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All About Lentils: From Cooking Lentils to Lentils Nutrition

By: Dani Mardayat,

All About Lentils: From Cooking Lentils to Lentils NutritionFrom a velvety red puree in Ethiopia (mesir wat) to a robust soup in Italy (minestra di lenticchie), lentils have graced the tabletops of homes and restaurants the world over for thousands of years, first taking root in the South Asian part of the globe, then fanning out to other areas like the Middle East, Africa and Europe.


To the casual observer, these miniscule dots of legumes look like festive confetti, especially since they grow in an array of earthy colors (French green, brown, yellow and tan are the most popular forms). But the benefits of lentils run deeper than their aesthetically pleasing appearance. When cooked, lentils deliver a bounty of health benefits, making them a celebrated staple among nutritionists, dieters and those who simply choose to eat wisely.


"Lentils are a plant-based protein rich in iron, folate, thiamin and vitamin C," describes Heather Albertson, RD, LDN, CNSC, a clinical dietitian specialist at Johns Hopkins Bayview Medical Center. "They're low in fat and lowers cholesterol, therefore helping to fight heart disease." Who knew such diminutive morsels could fight so tough?


The prevalence of soluble fiber in lentils is another health bonus. "Soluble fiber slows the digestion of carbohydrates," explains Albertson. "It reduces spikes in sugar levels and is a healthier alternative to other starches like white rice." Folks who have insulin resistance, hypoglycemia or diabetes, can benefit instantly from a dose of lentils.


“There are 40 grams of carbohydrates in 1 cup of lentils,” continues Albertson, “but they're good carbs that take the form of fiber.” A cup of lentils also holds 230 calories, 16 grams of fiber and 18 grams of protein.


This affordable high source of protein can be stored in airtight containers and with a shelf life of up to one year, giving health-conscious consumers more bang for their buck. With the United States as a top producing titan of lentils, gaining access to this once exotic legume is not so top secret anymore. Major grocery stores from the city to suburbia peddle an extensive assortment of lentils these days.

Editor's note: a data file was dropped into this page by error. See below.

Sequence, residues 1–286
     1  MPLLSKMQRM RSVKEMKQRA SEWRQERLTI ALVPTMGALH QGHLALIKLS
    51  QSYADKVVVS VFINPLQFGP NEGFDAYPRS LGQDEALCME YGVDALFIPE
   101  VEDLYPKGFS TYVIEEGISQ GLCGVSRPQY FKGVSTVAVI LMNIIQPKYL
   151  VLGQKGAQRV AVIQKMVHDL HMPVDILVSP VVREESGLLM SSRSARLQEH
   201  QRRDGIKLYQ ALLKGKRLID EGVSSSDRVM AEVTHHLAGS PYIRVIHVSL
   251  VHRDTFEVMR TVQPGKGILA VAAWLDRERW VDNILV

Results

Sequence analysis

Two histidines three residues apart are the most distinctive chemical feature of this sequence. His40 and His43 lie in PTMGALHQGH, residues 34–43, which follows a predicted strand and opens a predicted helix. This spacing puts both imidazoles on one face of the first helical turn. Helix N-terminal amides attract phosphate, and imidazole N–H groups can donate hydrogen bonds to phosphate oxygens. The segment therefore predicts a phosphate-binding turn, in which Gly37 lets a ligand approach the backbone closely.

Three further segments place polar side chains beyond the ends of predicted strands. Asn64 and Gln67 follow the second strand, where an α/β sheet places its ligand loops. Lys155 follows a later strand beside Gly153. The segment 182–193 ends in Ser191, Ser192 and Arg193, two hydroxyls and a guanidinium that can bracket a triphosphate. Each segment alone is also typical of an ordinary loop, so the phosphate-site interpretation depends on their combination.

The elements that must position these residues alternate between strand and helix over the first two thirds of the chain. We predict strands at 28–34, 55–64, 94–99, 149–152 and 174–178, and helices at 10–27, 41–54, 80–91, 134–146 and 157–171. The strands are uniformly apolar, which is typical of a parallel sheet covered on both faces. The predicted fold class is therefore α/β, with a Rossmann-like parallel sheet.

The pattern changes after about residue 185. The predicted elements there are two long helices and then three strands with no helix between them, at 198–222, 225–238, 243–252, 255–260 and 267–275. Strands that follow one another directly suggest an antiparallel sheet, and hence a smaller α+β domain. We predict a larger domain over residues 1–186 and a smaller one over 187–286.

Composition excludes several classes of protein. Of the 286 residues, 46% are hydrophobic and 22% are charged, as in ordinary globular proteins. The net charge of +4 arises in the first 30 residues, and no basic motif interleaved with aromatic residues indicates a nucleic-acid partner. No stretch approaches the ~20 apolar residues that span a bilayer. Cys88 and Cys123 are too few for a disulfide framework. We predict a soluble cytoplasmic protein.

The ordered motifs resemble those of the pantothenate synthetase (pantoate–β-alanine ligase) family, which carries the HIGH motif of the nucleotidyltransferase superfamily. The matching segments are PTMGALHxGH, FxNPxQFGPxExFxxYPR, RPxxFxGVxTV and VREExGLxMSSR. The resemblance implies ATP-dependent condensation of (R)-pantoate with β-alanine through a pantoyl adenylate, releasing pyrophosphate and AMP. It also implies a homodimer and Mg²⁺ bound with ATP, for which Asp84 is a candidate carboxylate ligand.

Incorporating lentils into a healthy diet beckons for simple and straightforward steps. While in their dried form, rinse the lentils then soak them in warm water overnight to reduce the substantial amount of phytates, natural compounds that shed the bioavailability of dietary minerals, suggests Albertson. Bring a pot of water to a rolling boil, then slowly drop in the lentils, first cooking them for 2 to 3 minutes then letting them simmer languidly for 20 to 30 minutes until tender.


The subtle textures of lentils make it a subdued sidekick to a heavy meal. On the other hand, lentils are the star attraction in a dish of Middle Eastern lentil salad (best cooked to al dente heights). Other cultures such as India and Pakistan prefer to showcase lentils in a soup.


After soybeans and hemp, lentils nab the title of third highest plant source of protein. They're an unconventional but unique understudy to the classic meat in lasagna. Formed into patties, lentil burgers can be considered the modern-day soybean burger.


Though they're a healthy legume, the flexibility and diversity of lentils provide a bit of anthropological discovery to a weight management or weight loss program. Healthy consumption need not be dull and one dimensional, especially when it comes to utilizing this little giant.



For more from Dani, be sure to check out her Featured Foodies profile page.

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